Family Night in the Garden

This year, the Family Night in the Garden event fed over 500 people from the neighborhood and surrounding schools. Participating chefs set up demo stations for folks to watch and sample each dish.

As managers of Echo Canyon School’s gardens, Lou Rodarte and his wife Ann have turned their labor of love into a hands-on curriculum that takes garden produce into the classroom and invites students to taste locally-grown food prepared by some of the best chefs in the Southwest.

Echo Canyon’s Chef in the Garden Program has been so popular that the school decided to branch out and invite local chefs to share their knowledge by hosting interactive cooking demonstrations for students, parents and the community.

For the third year, the school has hosted a Chef in the Garden Family Night featuring chefs from the Blue Watermelon Project, an initiative of Slow Food Phoenix, to promote healthy eating and gardening in schools.

Slow Food’s mission is to “create a diverse and inclusive food community that supports good, clean and fair food for all by educating, advocating and connecting,” especially within the area schools. The Blue Watermelon Project was started by Chef Charleen Badman, who was the winner of the 2019 James Beard Award for Best Chef in the Southwest.

Family Night is an opportunity for parents to experience what Echo Canyon students do in the program. The event features interactive food-prep stations with demonstrations and samples. Participating chefs talk to guests about their dishes and even extend invitations to help them prepare – and eat – the food.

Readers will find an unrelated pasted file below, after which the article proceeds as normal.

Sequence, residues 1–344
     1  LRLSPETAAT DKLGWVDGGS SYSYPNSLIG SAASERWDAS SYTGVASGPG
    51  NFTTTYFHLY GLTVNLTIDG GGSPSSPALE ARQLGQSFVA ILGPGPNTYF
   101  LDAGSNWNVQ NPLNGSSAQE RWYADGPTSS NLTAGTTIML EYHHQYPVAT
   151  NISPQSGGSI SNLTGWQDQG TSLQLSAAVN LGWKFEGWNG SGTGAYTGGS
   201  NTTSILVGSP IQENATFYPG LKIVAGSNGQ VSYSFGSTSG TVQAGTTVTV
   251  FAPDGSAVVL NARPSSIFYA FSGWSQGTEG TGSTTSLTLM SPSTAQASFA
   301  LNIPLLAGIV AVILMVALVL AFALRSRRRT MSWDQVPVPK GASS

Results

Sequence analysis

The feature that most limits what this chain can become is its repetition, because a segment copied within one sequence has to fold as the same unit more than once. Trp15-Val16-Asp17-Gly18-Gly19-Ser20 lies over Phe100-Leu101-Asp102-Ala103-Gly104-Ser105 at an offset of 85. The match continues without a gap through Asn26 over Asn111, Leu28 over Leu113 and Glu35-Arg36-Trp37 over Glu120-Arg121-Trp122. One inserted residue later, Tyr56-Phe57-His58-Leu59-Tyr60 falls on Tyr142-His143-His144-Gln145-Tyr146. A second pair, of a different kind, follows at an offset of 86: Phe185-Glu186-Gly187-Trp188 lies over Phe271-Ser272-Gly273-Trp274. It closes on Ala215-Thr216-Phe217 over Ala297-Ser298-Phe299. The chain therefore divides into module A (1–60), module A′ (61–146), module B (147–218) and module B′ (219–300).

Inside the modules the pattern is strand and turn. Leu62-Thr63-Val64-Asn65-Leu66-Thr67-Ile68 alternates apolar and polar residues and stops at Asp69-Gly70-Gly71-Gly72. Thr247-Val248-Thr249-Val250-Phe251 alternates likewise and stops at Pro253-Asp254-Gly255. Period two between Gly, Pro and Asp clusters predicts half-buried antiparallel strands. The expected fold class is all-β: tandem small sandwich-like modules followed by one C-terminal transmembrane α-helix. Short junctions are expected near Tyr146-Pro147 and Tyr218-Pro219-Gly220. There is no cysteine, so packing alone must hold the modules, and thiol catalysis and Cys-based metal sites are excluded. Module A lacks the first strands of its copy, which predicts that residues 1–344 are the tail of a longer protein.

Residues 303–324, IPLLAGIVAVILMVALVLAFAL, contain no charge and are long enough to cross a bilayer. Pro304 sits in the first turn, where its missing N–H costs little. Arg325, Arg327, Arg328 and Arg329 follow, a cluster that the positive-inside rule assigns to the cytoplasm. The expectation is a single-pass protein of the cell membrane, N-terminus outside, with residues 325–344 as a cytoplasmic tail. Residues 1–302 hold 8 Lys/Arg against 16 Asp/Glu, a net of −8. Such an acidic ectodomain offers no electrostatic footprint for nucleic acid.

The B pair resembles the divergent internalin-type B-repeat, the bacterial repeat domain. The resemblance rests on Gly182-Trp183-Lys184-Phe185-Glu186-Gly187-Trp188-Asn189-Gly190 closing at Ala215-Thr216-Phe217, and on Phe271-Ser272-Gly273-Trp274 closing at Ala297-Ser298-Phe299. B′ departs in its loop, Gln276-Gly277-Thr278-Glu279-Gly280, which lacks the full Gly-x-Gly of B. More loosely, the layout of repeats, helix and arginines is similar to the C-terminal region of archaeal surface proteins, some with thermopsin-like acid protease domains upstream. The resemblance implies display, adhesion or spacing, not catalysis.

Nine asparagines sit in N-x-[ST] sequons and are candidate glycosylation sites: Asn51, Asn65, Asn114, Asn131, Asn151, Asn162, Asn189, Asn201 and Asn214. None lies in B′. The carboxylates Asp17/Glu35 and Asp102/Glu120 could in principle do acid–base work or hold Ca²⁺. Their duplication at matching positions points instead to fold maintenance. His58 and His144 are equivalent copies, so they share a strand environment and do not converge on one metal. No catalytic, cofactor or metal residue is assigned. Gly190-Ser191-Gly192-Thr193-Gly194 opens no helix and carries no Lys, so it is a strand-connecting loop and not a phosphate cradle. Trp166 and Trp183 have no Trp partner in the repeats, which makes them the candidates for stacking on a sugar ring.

All of the food, including local produce, is donated from suppliers and cooks, the Rodarte family, and a grant from Sprouts that was secured this year.

“We fed 500 people at this event. All the stations mirror an actual Chef in the Garden class that we have done with the students during the year, and feature produce from the school gardens,” Ann said. 

“Chef in the Garden is celebrating its 10-year anniversary this year,” she said. “We are working now in 10 schools and have 25 chefs participating in the program.” 

Those who participated this year include Badman, Jason Raducha of Noble Bread and Cotton and Copper, Juan Zamora of Chula Seafood, Chris Mendoza of North Italia and Helen Yung of Sweet Republic.

Past participants include Arcadia resident and The Parlor owner, Aric Mei and Sacha Levine of Century Grand. 

This year, students from Glendale, Maricopa and Ironwood High School joined the event as well.

“Jason Raducha’s Noble Bread with Chris Mendoza’s freshly made, hand-pulled mozzarella with tomatoes and garden-picked basil is always a crowd favorite. Raducha generously supplies us with his fresh bread whenever we go out with the students. We always say if you add the bread, they will eat anything,” Ann said.

The people who donate their time and talent to share their passion for healthy eating are all invested in the Blue Watermelon Project.

“If I’m reaching the children that are in kindergarten through eighth grade, then that effort translates into a high school student that wants to have a better lunch program,” said Badman. “It’ll continue to an adult who eats better. It’ll continue to an adult that expects better from what is coming out of those cafeterias.”

For more: slowfoodphoenix.org.